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Martin Hutchinson,  November 22, 2011

The euro-zone crisis, which could have been defused initially by allowing Greece to depart the euro, has now taken on a much more serious aspect. 

If, as seems possible, Italy, Spain and even France lose the confidence of the international debt markets and are forced to write down debt, then government debt of prime countries will no longer be considered a risk-free asset.

That will take markets back beyond the traumas of the 20th century, beyond the relatively serene 19th century, beyond even the institution-forming 18th century. It will undo the 1751 triumph of the forgotten financier Samson Gideon in forming the immortal Consols, will undo the sterling if self-serving 1721 work of Sir Robert Walpole in preventing the South Sea crash from destroying the British government bond market as the Mississippi crash did the French one, and will even undo the 1694 foundation of British credit, the formation of the Bank of England.

Life for government bond dealers will revert to a primitive Hobbesian state of nature, nasty, brutish and short.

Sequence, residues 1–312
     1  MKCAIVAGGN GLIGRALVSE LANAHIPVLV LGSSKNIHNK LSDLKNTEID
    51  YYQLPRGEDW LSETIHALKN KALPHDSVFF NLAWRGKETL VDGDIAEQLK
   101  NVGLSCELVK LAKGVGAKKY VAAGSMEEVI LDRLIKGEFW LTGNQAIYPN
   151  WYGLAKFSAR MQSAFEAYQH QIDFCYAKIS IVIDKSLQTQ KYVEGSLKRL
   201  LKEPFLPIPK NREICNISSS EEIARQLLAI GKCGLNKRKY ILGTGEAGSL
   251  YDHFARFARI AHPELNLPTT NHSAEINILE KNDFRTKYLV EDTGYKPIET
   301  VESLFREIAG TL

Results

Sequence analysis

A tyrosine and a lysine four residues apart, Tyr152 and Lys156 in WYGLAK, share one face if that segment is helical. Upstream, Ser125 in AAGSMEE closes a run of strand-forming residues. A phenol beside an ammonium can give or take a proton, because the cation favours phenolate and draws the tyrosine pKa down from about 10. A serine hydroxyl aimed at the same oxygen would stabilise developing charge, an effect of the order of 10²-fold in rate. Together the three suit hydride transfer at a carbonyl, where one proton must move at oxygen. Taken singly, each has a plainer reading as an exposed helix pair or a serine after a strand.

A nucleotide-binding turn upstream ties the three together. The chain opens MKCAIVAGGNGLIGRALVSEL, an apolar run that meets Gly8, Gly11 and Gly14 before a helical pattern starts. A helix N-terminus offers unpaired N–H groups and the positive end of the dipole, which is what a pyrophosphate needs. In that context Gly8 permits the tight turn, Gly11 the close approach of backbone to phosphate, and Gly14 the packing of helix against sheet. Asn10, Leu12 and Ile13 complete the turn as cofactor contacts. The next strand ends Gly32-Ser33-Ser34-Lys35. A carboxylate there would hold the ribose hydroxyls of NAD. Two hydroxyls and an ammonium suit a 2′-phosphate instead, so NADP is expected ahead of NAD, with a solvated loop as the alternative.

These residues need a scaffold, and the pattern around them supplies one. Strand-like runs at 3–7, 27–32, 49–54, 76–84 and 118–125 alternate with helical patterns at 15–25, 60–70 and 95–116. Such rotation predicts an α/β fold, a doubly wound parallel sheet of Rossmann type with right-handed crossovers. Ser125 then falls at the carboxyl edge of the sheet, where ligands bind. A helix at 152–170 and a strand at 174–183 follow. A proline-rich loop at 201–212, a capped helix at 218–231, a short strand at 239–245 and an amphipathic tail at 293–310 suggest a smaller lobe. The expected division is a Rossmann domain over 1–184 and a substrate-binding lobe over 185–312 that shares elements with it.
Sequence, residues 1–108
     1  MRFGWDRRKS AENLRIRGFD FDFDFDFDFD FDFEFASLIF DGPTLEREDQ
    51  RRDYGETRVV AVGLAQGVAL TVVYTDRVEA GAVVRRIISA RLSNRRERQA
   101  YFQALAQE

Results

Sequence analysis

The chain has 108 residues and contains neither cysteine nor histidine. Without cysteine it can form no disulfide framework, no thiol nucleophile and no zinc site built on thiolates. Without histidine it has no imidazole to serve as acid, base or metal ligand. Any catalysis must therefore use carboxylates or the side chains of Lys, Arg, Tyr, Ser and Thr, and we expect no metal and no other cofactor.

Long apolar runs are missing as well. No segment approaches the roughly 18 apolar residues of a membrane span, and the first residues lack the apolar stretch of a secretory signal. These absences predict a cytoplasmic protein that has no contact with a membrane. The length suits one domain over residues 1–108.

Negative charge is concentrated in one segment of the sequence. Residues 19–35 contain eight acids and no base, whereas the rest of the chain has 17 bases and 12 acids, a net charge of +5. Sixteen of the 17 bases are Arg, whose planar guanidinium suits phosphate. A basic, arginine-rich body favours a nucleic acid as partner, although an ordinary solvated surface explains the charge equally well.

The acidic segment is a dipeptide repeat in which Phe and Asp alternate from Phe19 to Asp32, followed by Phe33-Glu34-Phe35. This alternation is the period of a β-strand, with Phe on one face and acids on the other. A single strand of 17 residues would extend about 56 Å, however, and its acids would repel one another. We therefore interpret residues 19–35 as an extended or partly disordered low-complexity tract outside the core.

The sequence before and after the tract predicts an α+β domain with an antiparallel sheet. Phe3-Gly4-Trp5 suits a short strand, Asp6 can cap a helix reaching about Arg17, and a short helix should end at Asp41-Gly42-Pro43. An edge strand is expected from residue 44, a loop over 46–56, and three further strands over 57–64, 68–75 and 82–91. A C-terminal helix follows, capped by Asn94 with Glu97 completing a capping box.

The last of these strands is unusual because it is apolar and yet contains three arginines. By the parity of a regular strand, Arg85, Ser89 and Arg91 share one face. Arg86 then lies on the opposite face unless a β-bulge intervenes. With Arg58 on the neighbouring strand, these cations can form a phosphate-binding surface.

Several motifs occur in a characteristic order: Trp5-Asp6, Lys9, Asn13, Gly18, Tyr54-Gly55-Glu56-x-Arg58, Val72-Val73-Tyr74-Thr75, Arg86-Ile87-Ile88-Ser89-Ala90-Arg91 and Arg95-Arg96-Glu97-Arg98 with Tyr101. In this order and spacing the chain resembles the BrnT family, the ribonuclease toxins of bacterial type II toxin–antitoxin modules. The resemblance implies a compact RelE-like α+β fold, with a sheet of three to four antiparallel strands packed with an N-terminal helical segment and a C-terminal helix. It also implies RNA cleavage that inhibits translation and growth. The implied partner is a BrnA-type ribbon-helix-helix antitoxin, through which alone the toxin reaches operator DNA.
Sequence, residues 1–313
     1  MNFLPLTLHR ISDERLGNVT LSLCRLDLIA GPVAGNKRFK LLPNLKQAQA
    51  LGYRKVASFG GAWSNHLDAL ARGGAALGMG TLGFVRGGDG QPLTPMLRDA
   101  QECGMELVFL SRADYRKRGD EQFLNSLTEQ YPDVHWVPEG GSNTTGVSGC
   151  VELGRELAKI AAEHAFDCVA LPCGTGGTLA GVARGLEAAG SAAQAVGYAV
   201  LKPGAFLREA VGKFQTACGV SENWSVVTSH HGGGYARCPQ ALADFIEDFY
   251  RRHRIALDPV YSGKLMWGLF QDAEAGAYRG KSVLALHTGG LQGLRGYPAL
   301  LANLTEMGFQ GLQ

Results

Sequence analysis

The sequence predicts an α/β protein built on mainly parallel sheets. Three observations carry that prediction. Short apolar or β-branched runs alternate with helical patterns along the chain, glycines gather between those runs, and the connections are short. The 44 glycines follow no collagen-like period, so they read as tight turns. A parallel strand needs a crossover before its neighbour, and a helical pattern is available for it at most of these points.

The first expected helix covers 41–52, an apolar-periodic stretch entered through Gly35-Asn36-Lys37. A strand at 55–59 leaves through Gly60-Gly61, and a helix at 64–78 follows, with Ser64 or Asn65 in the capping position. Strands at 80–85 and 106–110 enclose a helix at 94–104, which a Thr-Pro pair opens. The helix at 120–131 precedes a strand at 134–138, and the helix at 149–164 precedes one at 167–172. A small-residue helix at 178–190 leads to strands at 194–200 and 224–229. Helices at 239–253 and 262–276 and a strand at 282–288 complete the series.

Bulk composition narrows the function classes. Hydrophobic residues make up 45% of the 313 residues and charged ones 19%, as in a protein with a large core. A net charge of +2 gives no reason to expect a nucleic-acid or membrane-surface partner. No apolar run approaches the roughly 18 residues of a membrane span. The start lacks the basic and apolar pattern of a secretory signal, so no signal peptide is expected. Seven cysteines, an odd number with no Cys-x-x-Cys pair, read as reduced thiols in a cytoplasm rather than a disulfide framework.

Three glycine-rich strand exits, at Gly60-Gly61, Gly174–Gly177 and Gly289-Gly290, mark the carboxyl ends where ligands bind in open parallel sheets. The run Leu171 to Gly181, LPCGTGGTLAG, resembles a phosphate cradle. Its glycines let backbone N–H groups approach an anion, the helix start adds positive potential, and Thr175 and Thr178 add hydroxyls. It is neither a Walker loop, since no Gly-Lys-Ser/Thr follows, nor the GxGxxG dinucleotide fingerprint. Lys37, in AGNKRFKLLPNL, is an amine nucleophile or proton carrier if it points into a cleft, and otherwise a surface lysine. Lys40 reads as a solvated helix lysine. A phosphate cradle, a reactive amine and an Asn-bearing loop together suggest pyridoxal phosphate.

The level of market panic about Italian and Spanish debt indicates that the comforting parameters of 19th and 20th century sovereign debt finance no longer hold.

The principal reason for this is the determination by the eurozone authorities to break the rules by which debt markets have traditionally been governed. Instead of allowing Greece to default or rescuing it completely, they arranged an inadequate debt-financed bailout that simply postponed Greece’s inevitable exit from the euro and increased its debt.

Then they arranged a “voluntary” writedown of Greek private sector debt, which was subordinated in repayment to the monstrous institutional and government debt created by the bailout.

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